Using the Service Design Package to Transfer KnowledgeIf communication between your teams is an issue, ITIL v3 has an app for that, writes ITSMWatch columnist George Spafford.
For example, even though a lot of knowledge is gained during testing, known errors arent always communicated to the service desk and the incident and problem resolution teams. This leads to diminished effectiveness―as opposed to knowing these matters before new or changed services are rolled out. With ITIL v3, thought has been given about improving the transfer of knowledge. One new construct, the Service Design Package (SDP), can markedly improve knowledge transfer if it is designed and implemented with the supporting processes correctly.
ITIL identifies that the Service Design Manager role is responsible for service quality, which is the collection and documentation of requirements and then conformance to those requirements. This role is also responsible for the creation and maintenance of the Service Design Package (SDP), which formally documents the aforementioned business, service and operational requirements plus much more. In a sense, the ideal SDP provides the reader with everything there is to know about the design of the service including past, present and future plans.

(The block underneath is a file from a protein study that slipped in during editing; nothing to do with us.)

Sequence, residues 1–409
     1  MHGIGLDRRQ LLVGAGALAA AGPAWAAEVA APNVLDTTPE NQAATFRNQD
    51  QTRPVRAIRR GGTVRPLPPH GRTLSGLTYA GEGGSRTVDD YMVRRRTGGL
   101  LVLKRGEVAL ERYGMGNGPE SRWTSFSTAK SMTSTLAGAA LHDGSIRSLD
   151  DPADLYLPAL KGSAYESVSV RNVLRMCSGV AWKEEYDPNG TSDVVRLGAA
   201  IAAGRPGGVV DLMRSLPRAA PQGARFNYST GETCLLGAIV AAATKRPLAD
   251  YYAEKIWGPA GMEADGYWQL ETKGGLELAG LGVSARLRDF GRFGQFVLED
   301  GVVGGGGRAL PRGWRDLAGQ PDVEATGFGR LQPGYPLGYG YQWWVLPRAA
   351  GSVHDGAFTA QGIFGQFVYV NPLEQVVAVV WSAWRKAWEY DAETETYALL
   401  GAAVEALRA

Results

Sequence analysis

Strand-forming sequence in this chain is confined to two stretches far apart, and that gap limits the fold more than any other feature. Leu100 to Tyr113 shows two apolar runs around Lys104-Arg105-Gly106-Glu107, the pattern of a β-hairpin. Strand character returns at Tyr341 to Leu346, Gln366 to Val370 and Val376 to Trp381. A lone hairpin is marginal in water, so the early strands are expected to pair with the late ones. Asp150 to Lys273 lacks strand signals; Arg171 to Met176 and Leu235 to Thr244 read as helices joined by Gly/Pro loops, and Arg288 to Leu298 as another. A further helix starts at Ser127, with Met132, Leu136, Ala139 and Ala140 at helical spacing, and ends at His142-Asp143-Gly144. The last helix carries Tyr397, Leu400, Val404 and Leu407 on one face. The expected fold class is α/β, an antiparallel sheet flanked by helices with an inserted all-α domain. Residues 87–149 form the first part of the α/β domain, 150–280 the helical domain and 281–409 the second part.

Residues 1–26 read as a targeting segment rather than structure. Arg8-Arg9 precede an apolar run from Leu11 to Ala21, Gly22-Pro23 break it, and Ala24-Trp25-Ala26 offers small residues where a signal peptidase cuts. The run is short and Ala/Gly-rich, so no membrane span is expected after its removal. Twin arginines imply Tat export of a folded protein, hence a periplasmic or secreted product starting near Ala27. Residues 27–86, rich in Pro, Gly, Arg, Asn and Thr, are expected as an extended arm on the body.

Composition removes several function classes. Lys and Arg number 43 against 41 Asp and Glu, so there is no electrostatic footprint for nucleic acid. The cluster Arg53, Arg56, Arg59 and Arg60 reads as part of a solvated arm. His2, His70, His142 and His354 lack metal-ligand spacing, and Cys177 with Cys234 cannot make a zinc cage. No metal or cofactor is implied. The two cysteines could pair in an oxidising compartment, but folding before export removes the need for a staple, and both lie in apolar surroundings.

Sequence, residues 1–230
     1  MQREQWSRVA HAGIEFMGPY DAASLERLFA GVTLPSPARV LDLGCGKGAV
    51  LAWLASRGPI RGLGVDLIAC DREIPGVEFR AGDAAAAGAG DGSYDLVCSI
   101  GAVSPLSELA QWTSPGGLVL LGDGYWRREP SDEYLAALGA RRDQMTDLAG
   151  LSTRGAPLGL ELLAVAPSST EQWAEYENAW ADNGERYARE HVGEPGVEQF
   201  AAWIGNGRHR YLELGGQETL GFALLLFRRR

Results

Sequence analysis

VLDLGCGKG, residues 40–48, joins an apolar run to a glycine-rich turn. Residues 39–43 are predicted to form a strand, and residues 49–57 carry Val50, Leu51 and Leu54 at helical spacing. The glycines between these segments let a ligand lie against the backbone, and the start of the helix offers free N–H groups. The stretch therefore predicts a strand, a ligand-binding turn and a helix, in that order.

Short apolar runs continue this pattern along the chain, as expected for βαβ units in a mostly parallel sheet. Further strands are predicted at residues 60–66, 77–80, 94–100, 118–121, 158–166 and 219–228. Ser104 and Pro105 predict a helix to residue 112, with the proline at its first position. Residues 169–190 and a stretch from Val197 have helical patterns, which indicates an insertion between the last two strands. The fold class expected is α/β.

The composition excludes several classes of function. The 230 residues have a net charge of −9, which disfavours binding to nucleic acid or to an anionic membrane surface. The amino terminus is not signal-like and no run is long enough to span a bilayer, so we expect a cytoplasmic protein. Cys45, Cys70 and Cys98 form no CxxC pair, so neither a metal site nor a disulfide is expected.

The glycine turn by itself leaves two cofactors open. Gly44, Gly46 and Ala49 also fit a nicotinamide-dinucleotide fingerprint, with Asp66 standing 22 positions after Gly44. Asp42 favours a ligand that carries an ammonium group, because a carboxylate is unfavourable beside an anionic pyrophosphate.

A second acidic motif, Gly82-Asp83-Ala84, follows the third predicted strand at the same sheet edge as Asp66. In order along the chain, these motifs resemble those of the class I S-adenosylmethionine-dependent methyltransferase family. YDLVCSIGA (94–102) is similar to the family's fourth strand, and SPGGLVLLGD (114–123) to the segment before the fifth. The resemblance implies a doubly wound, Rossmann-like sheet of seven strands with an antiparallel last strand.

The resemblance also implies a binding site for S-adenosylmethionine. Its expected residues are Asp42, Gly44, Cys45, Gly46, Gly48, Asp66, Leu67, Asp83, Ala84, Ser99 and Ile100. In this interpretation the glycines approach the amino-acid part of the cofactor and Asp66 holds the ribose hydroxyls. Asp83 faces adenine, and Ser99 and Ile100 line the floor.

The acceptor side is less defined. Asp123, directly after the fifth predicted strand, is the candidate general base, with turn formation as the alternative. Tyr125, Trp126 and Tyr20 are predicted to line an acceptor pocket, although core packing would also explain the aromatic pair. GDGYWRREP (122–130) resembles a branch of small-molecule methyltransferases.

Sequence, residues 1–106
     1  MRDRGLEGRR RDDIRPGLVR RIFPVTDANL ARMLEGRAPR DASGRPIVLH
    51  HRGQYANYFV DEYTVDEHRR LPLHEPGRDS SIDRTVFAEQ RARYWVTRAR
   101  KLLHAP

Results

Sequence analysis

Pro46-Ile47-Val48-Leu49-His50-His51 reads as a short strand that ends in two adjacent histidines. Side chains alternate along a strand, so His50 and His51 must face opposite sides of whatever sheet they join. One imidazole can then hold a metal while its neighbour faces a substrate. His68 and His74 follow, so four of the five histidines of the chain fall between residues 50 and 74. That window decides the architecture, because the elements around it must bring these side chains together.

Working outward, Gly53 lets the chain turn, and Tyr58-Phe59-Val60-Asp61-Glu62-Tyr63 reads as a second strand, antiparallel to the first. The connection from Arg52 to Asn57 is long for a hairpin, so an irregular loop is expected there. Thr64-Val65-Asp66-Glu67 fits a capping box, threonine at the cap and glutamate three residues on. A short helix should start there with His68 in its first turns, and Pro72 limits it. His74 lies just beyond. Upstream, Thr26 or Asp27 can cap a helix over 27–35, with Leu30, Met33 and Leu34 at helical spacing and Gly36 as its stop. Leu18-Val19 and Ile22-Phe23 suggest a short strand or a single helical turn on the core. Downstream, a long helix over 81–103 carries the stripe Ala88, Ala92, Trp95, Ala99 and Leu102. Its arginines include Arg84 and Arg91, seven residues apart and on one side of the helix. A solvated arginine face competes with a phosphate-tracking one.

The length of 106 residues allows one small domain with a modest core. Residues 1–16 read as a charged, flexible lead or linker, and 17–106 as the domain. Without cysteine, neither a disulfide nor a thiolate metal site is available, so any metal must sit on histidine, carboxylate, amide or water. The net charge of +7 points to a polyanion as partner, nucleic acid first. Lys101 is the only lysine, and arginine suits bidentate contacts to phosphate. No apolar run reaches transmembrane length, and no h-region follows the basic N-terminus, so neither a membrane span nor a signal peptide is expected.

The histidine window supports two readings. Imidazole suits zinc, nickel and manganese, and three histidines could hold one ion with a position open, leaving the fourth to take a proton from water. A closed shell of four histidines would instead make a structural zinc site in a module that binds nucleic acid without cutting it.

To support IT service management (ITSM) efforts overall, the SDP is a powerful and critical element. We understood the need to document total service requirements prior to ITIL v3 and now we have not just suggestions for the process but the SDP as well.
In the Service Design volume, not only do we have processes for consideration but there is also a very interesting hidden jewel in the back of the book. It is Appendix A The Service Design Package and is definitely must-read for organizations who understand that knowledge needs to be formalized and transferred in a more formal, timely and accurate manner.
Building on this appendix, the SDP should cover the following broad categories:
- Header This contains the unique record/configuration item ID for the SDP itself, the applicable service, change control information, and so on.
- Requirements These are the business requirements, scope of the service plus stakeholder contact information.
- Service Design Contains the holistic service requirements including functional requirements, service level requirements, operational requirements, and the architecture of the service and its various component configuration items including relationships.
- Organizational Readiness Assessment This is the business case that outlines the expected benefits and costs plus assessments of the required resources and capabilities of the service provider.
- Service Lifecycle Plans Includes overall program information, transition plans, operational acceptance and service acceptance criteria.